Uncertainty in predicting geological conditions often leads to postulating worst conditions and thus to conservatism in design and construction. Savings are possible by adapting design and construction methods to the conditions actually encountered during excavation. Specifically, among the excavation and support methods that can be technically used for a given combination of geological parameters, only one will be the most economical. Usually, however, the cost of changing construction method is such that adapting to different geologic conditions is only economical if these conditions persist over long segments of the tunnel. It follows that in defining a set of design-construction options prior to construction and in adaptively selecting them in the course of the excavation, one has to take into account the variability of geologic conditions. This can be done by probabilistically describing the geologic conditions, and by then selecting excavation-support methods using the tools of decision theory under uncertainty. Information that becomes available during construction should of course be used to update the probabilistic description of the geologic condition ahead of the tunnel face. A simple model that accomplishes these objectives is proposed here. Its viability is demonstrated through a case study analysis of the Seabrook Power Station discharge tunnel. Prior to this example, modeling assumptions are stated and a few results from mathematical analysis of the model are given here.
2. PROBABILISTIC GEOLOGICAL PREDICTION
An attractive feature of the probabilistic method for geological prediction described in this section is that it makes more complete use of information already available, without requiring new or more sophisticated exploration programs. Therefore, the approach is implementable under standard practices and procedures. It is based on a Markov-process representation of the spatial variation of geologic parameters. The form of this process makes it possible to easily reduce parameter uncertainty as more information becomes available during preliminary exploration and subsequently during tunnel excavation. Mathematical analysis readily provides initial and updated geological predictions which form the key data for decision making.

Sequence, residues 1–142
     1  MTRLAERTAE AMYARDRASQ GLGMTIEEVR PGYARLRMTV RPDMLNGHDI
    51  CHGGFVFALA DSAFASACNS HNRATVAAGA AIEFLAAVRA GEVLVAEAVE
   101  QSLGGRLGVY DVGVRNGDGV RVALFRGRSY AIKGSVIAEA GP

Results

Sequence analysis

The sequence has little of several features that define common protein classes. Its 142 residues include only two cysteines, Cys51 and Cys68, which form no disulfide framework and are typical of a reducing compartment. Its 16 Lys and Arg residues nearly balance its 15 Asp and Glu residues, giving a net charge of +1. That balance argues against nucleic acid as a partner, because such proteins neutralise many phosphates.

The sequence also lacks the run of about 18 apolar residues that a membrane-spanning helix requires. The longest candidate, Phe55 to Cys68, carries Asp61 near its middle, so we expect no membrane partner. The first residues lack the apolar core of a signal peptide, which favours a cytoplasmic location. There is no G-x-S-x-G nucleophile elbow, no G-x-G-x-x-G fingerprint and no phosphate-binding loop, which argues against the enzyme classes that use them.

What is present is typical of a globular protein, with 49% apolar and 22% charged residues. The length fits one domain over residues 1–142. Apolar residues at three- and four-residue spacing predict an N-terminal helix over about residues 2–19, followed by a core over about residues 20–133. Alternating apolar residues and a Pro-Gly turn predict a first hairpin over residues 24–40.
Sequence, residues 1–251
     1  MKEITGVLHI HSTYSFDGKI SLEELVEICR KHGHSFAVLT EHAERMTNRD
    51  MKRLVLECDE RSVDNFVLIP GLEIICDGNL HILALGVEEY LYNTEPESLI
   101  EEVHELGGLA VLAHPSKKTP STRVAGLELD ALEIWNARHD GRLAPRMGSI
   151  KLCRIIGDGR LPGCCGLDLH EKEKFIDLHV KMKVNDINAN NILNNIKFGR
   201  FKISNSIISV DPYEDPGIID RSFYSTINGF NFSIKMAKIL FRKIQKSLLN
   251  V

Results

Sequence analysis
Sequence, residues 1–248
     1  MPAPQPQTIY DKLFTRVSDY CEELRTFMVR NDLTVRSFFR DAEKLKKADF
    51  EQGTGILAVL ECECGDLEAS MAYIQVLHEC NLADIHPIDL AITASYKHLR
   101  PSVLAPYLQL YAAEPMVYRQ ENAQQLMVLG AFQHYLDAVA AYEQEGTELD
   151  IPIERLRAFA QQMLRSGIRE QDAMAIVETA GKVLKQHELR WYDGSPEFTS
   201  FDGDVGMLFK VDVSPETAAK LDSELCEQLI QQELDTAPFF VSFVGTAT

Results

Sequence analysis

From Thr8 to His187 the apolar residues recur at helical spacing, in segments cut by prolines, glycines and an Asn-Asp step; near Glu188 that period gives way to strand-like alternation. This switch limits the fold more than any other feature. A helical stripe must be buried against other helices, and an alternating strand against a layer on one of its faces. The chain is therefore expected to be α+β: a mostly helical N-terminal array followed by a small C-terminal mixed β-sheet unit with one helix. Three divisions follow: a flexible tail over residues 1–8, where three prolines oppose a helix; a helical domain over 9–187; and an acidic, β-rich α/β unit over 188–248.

2.1 Modeling Assumptions
Tunneling operations and financial planning depend on such parameters as rock type, faulting, degree of jointing and permeability. Some parameters are discrete. For example, "rock type" X 1 may be Schist (X1=1) , Metaquartzite (X1=2) , and Diorite (X1=3). Other parameters are continuous but can be conveniently discretized. For example, "degree of jointing" X2 may be classified as not severe (X2=1) or severe (X2=2). Discretization corresponds to accepted practice and greatly simplifies the analytical model. From a mathematical point of view, the generic parameter Xi can be regarded as a scalar random function of distance from the portal of the tunnel (Fig. 1). Simultaneous characterization of the vector Random process X (l)=[X1(l) .... Xn(l)]T can be either through the joint characteristics of its components (through the distribution of X(l) for each l, the joint distribution of x(l1 ) and x(l2) for each l1 and l2' and so on) or through the marginal characteristics of one component and the conditional characteristics of the other components.